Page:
Existing MME and eNB must interact directly with HeNBs (S1-MME, X2) for X2 handover, etc., and this can bring about instability between the two. X2 broker, upon receiving S1 and X2 messages from HeNB, modifies  the messages as if it is eNB itself, and sends them to MME and eNB. This ensures the stability of the LTE core network and eNB remains unaffected.

As a result, network complexity and unstability anticipated by deployment of HeNB can be significantly decreased, and kept as low as in existing macro eNB network. LG U+, a South Korean LTE network operator, has already deployed SMEC’s HeNB-GW, applying X2 handover between macro eNB and HeNBs in its commercial network. The company has been able to keep the load level at MME at a minimum and provide uninterrupted VoLTE service across femto hotspots in macro cells.

 


Figure 3-2. Benefits of X2 broker: scalability and stability

3.3 X2 Service Broker Operation

In order for X2 service broker to work, HeMS allocates HeNB IDs to HeNBs as seen in Figure 3-3. An HeNB ID is 28 bits long, and consists of i) an eNB ID (20 bits long), identical for all HeNBs (up to 256) that belong to the same virtual eNB, and ii) a cell ID (8 bits long), unique for all the HeNBs (up to 256). This HeNB ID plaNning scheme lets a macro eNB recognize a virtual eNB as just another macro eNB, and all the HeNBs belonging to it as its cells.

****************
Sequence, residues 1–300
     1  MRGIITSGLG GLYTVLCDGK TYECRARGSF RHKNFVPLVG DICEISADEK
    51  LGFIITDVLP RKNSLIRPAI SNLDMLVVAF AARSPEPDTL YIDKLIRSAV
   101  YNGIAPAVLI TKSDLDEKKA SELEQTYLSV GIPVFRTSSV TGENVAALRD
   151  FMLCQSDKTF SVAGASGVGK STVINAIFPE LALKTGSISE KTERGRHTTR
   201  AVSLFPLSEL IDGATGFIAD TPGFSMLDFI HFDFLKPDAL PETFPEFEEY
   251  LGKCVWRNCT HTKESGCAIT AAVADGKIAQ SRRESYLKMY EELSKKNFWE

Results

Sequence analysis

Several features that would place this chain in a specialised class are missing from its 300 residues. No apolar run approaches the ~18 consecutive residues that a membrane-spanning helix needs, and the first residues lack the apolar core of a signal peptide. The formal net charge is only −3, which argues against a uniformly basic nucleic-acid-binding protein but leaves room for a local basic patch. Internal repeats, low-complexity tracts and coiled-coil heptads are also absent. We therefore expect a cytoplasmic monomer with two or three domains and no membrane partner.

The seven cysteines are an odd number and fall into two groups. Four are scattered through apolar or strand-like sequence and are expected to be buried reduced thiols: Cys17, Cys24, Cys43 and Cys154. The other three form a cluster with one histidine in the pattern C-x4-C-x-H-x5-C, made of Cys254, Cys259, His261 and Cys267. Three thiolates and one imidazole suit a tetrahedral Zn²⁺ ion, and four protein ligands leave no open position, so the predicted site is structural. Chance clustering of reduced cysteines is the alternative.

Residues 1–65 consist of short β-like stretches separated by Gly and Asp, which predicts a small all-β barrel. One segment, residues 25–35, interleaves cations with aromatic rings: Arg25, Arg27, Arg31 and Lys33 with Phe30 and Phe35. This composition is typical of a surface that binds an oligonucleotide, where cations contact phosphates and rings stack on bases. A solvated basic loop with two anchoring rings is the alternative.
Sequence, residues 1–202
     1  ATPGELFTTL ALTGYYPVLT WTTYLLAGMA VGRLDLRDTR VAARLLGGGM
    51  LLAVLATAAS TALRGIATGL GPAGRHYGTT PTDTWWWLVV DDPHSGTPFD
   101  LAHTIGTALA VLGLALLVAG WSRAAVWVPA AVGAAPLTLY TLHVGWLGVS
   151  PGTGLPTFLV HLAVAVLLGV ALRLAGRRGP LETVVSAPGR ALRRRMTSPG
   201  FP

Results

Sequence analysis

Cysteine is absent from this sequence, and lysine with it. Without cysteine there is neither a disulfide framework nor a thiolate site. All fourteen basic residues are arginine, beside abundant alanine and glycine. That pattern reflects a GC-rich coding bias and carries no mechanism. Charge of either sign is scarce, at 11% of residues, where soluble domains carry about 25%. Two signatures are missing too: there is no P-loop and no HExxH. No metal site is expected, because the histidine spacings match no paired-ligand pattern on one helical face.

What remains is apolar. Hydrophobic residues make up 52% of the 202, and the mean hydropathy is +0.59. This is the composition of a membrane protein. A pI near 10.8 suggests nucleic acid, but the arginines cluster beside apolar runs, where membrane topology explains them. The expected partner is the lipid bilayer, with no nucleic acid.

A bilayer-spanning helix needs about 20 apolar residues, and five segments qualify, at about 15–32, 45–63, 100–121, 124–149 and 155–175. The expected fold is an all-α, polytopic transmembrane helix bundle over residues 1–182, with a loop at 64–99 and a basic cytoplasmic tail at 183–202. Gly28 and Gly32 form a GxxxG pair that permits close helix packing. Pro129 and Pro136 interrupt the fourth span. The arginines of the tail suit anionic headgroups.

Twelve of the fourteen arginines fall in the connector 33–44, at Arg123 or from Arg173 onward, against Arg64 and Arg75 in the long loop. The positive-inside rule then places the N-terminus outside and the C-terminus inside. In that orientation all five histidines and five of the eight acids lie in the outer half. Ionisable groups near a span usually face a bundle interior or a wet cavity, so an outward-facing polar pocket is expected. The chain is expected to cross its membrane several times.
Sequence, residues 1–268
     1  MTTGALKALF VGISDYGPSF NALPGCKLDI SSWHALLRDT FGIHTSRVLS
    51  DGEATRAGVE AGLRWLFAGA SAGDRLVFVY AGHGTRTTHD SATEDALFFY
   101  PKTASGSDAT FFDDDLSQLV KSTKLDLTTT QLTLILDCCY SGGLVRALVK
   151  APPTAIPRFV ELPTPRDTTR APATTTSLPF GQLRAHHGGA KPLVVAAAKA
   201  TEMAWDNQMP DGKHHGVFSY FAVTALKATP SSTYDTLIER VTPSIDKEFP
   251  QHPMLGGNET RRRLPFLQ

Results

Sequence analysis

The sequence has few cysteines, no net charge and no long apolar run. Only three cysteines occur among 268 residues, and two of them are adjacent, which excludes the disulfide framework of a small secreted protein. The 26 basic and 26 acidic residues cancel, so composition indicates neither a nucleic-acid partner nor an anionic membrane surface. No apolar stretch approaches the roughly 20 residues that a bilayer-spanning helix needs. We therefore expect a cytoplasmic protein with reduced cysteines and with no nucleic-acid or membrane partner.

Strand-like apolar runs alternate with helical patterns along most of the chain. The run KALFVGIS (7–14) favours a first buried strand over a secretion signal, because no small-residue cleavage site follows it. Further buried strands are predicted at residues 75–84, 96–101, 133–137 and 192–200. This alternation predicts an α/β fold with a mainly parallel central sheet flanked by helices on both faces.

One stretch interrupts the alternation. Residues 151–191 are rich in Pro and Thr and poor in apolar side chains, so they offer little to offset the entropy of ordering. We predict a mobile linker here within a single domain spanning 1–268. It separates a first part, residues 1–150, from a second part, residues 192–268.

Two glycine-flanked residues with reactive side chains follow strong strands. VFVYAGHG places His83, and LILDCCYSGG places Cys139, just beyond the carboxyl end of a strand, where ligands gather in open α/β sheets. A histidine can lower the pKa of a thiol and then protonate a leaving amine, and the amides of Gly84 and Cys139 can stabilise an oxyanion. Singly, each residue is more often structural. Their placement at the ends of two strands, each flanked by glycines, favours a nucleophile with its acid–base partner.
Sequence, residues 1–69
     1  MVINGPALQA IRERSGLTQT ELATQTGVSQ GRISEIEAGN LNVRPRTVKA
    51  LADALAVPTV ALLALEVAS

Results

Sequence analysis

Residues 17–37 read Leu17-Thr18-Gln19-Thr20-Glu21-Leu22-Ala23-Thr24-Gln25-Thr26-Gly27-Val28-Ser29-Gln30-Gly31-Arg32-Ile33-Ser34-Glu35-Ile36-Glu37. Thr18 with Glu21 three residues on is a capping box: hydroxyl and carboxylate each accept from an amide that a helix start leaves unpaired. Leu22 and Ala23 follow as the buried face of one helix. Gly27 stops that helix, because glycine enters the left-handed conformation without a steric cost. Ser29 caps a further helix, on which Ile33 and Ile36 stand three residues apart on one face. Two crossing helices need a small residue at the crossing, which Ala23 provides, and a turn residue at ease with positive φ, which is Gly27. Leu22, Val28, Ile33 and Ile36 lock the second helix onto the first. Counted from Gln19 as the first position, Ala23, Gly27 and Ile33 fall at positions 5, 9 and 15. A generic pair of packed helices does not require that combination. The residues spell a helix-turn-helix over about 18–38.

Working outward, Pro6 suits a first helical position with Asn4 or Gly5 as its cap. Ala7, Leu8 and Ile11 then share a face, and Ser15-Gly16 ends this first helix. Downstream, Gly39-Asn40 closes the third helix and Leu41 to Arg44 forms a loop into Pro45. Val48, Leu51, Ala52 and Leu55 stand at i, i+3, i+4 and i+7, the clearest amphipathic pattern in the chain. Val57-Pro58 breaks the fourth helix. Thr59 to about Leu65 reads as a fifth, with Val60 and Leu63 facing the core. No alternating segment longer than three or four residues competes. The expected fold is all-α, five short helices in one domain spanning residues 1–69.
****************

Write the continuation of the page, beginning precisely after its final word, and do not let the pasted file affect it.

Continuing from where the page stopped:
Figure 3-3. SMEC X2 service broker: HeNB ID planning

Detailed call flow for X2 broker operation is as follows:

❶ HeNB1 initiates TNL address discovery procedure towards an MeNB: HeNB1 detects a new cell (cell A of macro eNB) and decides to setup X2 towards Macro eNB (MeNB). It initiates an TNL address discovery procedure by sending eNB Configuration Transfer message indicating its own HeNB ID (HeNB1, 28 bits long) and MeNB ID (20 bits long) as neighbor information to virtual eNB through S1 interface.

The virtual eNB does not have any information on the MeNB’s X2 IP address, and it must forward the message to MME to find the X2 IP address of MeNB. Before forwarding the message, virtual eNB (X2 broker) replaces the 28-bit HeNB ID with its own ID (virtual eNB, 20 bit long) in the message and forwards it to MME. MME knows the MeNB and so sends an MME Configuration Transfer message to it (note that virtual eNB does not disclose 28-bit-long HeNB ID to MME and MeNB).